Drop 4.4 oz from the ULA Catalyst in 5 minutes

In five minutes, 4.4 ounces of extraneous items can be easily removed from the Catalyst and other ULA packs.

For 5- and 7-day guided trips this summer in the Brooks Range and Yosemite National Park, I plan to carry (and review afterwards) the ULA Catalyst. Its key specs:

  • 48 oz (3 lbs 0 oz, 1360 grams)
  • 4,600 cubic inches (75L)
  • Twin aluminum stays
  • Durable fabrics throughout
  • Generous hipbelt pockets and front stash pocket
  • Made in USA
  • $280
  • More information

ULA appropriately describes the Catalyst as “the tried and true workhorse of [our] pack line.” Most of its features trickle down to the smaller 41-oz Circuit, which honestly is a better pick for most 3-season trips — I need more volume and load support when I’m guiding than when I’m on a private trip.

Strip it down

Many backpacks include extraneous features and materials, leaving open the opportunity to shed weight by taking scissors to it. This is not the most effective weight-savings tactic, but it’s usually worth a Snickers bar.

I wish that products arrived exactly as I want them, but I understand the manufacturer’s rationale for including these extra items: if its products lack features or functionality that a large number of prospective customers want or expect, it sales will be hindered.

With the Catalyst (and with ULA’s other packs like the Circuit, Ohm, and CDT), the weight-savings potential is greater than with most other packs. I easily removed 4.4 ounces (125 grams), which amounts to a 9 percent weight reduction.

The process is easy, too. It took me just five minutes. And everything is reversible — by reattaching webbing clips and/or cord locks, the functionality could be fully restored.

A word of caution: to remove the cord cinches, you will need to use a knife to gently pry them open. So that you don’t stab yourself, I recommend holding the cinches with pliers, not your fingers.

Total weight savings is 4.4 ounces, or 9 percent of the pack’s spec weight.

Save 4.4 ounces in 5 minutes

I removed six features that cumulatively weighed 4.4 ounces (125 grams), listed below. Interestingly, the weight-savings were greater when I first did this seven years ago — in 2012 I managed to remove only 3.8 ounces.

  1. Hydration sleeve,
  2. Internal accessory pocket,
  3. Bungee cord over the front stash pocket,
  4. Two bottle holsters on the shoulder straps,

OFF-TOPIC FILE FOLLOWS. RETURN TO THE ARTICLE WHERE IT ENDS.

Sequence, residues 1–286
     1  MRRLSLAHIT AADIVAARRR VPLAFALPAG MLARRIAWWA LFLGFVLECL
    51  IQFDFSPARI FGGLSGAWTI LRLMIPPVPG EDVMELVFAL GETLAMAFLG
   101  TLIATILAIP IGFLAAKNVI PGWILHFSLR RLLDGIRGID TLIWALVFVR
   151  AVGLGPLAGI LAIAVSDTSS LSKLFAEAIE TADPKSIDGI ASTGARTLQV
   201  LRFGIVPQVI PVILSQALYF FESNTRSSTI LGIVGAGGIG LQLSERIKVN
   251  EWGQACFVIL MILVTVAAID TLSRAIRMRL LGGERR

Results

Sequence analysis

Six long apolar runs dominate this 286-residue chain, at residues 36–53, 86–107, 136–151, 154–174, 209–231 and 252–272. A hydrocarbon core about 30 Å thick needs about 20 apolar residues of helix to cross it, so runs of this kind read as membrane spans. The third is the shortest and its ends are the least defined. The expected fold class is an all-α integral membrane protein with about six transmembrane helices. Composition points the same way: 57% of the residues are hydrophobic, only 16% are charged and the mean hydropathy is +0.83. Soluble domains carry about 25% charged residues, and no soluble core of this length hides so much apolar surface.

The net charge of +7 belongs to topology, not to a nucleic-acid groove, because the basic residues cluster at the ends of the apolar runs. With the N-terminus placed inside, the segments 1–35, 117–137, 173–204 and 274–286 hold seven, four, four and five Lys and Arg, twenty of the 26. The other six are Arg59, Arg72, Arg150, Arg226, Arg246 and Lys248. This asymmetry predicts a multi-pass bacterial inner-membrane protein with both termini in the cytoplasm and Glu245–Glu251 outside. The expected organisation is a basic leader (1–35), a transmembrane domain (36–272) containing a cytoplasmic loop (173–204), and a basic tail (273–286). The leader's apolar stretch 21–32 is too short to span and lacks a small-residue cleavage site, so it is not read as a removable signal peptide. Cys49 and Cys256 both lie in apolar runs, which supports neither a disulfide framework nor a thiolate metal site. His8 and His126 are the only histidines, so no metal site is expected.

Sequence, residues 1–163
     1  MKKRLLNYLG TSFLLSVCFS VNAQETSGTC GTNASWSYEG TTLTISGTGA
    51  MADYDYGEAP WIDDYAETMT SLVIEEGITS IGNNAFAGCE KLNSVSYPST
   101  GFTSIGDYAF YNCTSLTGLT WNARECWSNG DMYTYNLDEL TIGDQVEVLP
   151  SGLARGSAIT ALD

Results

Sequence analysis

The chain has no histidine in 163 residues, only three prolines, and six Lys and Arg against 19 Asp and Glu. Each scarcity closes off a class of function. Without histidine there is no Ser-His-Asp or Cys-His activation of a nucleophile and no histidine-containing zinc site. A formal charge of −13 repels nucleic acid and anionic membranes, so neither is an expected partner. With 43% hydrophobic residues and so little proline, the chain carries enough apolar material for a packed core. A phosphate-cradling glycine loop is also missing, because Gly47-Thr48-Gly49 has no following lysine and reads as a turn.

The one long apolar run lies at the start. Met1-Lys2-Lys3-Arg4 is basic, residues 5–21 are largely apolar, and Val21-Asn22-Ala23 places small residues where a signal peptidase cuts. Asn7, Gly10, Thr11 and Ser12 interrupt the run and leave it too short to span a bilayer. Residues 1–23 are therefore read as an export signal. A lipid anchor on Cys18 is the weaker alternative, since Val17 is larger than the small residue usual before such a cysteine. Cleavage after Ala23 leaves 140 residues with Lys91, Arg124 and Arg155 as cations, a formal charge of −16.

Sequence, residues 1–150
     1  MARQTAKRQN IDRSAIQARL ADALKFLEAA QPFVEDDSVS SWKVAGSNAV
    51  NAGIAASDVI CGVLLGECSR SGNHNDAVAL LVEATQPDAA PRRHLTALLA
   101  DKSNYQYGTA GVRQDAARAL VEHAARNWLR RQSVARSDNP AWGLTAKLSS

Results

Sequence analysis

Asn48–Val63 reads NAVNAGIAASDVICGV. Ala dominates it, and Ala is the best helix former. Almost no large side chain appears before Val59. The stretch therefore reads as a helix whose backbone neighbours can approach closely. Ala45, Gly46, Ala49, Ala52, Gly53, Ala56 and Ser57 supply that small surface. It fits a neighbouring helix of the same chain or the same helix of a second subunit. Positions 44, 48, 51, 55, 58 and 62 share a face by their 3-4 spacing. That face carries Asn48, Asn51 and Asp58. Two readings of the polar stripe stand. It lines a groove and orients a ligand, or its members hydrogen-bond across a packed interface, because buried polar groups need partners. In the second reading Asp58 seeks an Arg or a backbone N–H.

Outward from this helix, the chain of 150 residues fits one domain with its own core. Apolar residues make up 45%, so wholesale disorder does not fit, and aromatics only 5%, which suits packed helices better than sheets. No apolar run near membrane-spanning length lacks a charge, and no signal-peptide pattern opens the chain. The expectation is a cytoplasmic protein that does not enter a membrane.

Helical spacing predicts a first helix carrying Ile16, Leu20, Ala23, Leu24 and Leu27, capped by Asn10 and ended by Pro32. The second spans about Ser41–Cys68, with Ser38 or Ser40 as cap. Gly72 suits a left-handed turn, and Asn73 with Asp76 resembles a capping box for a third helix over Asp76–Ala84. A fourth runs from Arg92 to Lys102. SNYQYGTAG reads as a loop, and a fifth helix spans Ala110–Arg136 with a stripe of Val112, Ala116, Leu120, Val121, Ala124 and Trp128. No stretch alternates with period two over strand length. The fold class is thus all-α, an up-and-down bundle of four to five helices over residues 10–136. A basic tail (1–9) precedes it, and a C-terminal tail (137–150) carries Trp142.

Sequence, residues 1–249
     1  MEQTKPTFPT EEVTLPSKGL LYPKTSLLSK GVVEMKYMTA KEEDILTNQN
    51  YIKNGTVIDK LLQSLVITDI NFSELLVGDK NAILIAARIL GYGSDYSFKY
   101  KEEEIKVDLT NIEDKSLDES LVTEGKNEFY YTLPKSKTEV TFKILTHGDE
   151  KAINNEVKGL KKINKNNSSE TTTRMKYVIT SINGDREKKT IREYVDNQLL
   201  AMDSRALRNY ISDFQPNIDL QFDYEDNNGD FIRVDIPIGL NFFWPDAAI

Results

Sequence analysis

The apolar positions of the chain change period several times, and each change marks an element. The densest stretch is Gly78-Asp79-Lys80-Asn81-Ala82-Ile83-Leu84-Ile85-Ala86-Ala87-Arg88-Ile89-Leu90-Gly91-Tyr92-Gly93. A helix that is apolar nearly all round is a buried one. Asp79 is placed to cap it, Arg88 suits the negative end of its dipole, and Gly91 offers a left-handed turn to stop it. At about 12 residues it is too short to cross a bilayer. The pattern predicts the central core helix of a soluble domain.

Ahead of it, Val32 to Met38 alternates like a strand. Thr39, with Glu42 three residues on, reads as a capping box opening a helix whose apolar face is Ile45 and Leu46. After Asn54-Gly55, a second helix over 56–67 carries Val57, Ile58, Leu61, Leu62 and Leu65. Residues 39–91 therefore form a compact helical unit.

5. Two handloops, and,
  6. Two ice axe attachments.

The hydration sleeve (1.0 oz) is useless to me since I use water bottles, not a reservoir-and-tube system.

The internal accessory pocket (0.6 oz) could fit small items like toiletries, a headlamp, and Aquamira. But I prefer to keep oft-needed items in the hipbelt and side pockets. And I like to keep other small odds-and-ends in a free-floating stuff sack, which is more portable and won’t get caught up with items being shoved into or removed from my pack.

Water bottle holsters (0.7 oz) are attached to each shoulder strap, and best fit 20-oz squeeze bottles like those used by cyclists and ultra runners. But I normally use a 1-liter smartwater bottle, and I like to keep it in my left side pocket, where it’s out of the way but still easily reachable.

Handloops (0.8 oz) dangle from the shoulder straps, too. If you don’t use trekking poles, they are a nice place to hang your hands to avoid the pooling of blood. But I always use trekking poles, so I will never miss the handloops.

A bungee cord (0.5 oz) is threaded over the front stash pocket, and could be used to secure items to the pack’s exterior, like a rain jacket or a mid-layer fleece. But the mesh pocket serves the same function and is more secure; and the bungee is snag-prone when hiking off-trail through brush.

The ice axe loop attachments (0.4 oz) are convenient for carrying an axe, but relatively few hikers ever have to. Prior to my trips in Yosemite, which had an epic 2018-19 winter, this is the one feature that I will reinstall.

Questions about the ULA Catalyst? Leave a comment.

This post was originally published on July 24, 2012.


Disclosure. I strive to offer field-tested information, insights, and advice, and I have a long-term incentive to be a trustworthy source. I do not publish sponsored content or native advertising, and I do not accept payments in exchange for reviews. I have no financial affiliations with or interests in any brands or products.

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